WORCESTER COUNTY'S OLDEST NEWSPAPER
BARRE GAZETTE, FEBRUARY 19, 1987
Two Monuments, Two Opinions Explain the Shay's Army Defeat
by Ruth Bassingthwaite
The battle is over, the cannon gone, the uniforms and bayonets put away, but there are tangible remains of the 200th anniversary of Shays Rebellion, held in Petersham last Feb. 4.
Of course the T shirts will carry the message far and wide this summer and spoon collectors will someday be bargaining avidly for these special things, but there's something else, as well, which may be seen on the lawn of the Petersham Historical Society Building.
Alongside the very proper granite monument with bronze plaque, said to have been erected with "bankers money," appears another, certainly far from grand, but much more representative of the rebel cause.
This monument was brought to town by two teachers from the Lincoln-Sudbury Regional High School, Bill Schechter and Thom Thacker, after receiving permission from the society to do so.
Made of plywood with a simple plaque, the new monument tells a different view of the Shays Rebellion conflict, generally treated by all histories as a rebellion of lawless persons. In this, the year of the bicentennial of the constitution, Schechter and others feel that Shays and the poor farmers of Massachusetts got a raw deal in more than one way.
What about the "inalienable rights to life, liberty and the pursuit of happiness" promised in the declaration of Independence, said the monument makers. What is the proper role of government- to aid the impoverished or protect the privileged?
Schechter feels that his new monument pays tribute to Shays for raising these issues. "Our monument enshrines Shays as the hero, whose actions called back the first principles and highest ideals of the Revolution. We hope that now, 200 years after his defeat, Captain Shays can be said to have won this last battle in history."
To show the difference between the thoughts on the subject, here is the reading from the older monument:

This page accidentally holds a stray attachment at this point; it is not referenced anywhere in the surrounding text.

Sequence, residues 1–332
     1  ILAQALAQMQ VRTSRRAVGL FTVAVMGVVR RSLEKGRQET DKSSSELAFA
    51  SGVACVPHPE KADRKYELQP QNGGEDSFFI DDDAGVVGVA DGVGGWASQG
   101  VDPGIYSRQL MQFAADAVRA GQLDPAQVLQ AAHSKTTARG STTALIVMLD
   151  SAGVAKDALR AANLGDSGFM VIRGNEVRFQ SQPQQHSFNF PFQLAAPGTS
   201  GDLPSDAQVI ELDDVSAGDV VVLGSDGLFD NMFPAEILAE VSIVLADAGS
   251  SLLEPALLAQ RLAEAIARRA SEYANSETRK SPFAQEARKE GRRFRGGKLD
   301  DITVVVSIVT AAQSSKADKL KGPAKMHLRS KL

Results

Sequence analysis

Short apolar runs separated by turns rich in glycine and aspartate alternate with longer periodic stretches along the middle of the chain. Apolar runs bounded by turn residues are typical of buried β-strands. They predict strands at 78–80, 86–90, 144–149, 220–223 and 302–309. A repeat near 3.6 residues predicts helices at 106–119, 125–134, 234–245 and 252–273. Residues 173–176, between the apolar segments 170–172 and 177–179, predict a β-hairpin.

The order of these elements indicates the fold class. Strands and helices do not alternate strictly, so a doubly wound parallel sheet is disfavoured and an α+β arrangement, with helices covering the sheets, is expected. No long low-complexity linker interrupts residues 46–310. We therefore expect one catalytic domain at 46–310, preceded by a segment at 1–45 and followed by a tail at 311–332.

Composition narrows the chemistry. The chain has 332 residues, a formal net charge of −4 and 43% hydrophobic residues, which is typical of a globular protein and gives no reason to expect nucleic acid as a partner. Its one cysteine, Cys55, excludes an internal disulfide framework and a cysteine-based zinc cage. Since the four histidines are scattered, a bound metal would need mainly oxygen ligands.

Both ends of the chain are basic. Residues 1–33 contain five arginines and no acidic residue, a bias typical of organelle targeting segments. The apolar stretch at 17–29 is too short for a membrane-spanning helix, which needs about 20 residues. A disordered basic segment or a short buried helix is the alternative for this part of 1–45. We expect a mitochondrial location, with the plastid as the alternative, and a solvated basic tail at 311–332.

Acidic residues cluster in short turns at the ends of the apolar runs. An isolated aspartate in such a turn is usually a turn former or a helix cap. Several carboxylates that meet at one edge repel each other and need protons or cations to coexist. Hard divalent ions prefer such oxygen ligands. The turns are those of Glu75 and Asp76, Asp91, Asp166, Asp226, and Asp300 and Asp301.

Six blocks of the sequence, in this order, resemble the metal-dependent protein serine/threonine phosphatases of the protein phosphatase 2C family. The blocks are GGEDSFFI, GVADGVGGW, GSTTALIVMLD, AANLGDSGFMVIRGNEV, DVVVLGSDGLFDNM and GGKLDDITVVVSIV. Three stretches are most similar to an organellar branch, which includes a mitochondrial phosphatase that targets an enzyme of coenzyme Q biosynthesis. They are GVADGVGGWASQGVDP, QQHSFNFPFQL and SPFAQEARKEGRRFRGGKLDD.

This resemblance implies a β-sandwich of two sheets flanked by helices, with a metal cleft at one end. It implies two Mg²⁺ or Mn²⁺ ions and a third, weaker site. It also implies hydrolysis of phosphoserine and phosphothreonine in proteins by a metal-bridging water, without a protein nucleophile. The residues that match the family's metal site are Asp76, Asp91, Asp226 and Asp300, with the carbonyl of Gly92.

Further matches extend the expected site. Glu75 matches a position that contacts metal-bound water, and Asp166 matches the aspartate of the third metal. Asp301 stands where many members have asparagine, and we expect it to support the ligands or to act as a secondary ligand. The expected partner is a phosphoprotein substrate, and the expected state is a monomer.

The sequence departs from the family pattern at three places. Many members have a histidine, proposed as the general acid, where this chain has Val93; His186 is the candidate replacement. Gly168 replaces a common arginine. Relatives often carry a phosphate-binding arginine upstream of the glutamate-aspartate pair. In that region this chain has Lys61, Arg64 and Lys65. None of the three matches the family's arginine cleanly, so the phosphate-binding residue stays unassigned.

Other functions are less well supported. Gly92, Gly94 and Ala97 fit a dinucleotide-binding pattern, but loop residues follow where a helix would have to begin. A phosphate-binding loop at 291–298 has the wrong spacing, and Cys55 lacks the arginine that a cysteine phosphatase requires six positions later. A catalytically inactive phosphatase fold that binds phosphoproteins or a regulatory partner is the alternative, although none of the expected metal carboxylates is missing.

"In this town on Sunday morning, February fourth, 1787, Daniel Shays and 150 of his followers, in rebellion against the commonwealth, were surprised and routed by GENERAL BENJAMIN LINCOLN in command of the Army of Massachusetts, after a night march from Hadley of thirty miles through snow in cold below zero.
"This victory for the forces of government influenced the Philadelphia Convention which three months later met and formed the Constitution of the United States.
"Obedience to law is true liberty."
The new monument relates the same facts, but an entirely different view and reads as follows:
"In this town on Sunday morning, February fourth, 1787, CAPTAIN DANIEL SHAYS and 150 of his followers who fought for the common people against the established powers and who tried to make real the vision of justice and equality embodied in our revolutionary declaration of independence, was surprised and routed, while enjoying the hospitality of Petersham, by General Benjamin Lincoln and an army financed by the wealthy merchants of Boston.
"True Liberty and Justice may require resistance to law."
The new monument came bearing a 13-star tiny flag and a sprig of hemlock, which was the badge of Shays' forces. As previously related in these pages, a ceremony was held Feb. 4 which was widely attended by the media and reported across the nation. The new monument is not planned to leave the far from permanent stand out to weather the elements all the time, but for the present, it's still there. What will be done with it will be settled later by the Historical Society. To have it outside changes have to be made.
THE PREVIOUS MONUMENT, left, which tells of the defeat of Captain Daniel Shay's Rebellion, has been criticized by some teachers from the Lincoln-Sudbury Regional High School as sympathetic to the U. S. army, which defeated Shay's army in 1787. In response, the teachers erected their own monument beside the older one, which tells of the rebellion as being acceptable in light of achieving "true liberty and justice"- just the opposite of the older monument's message.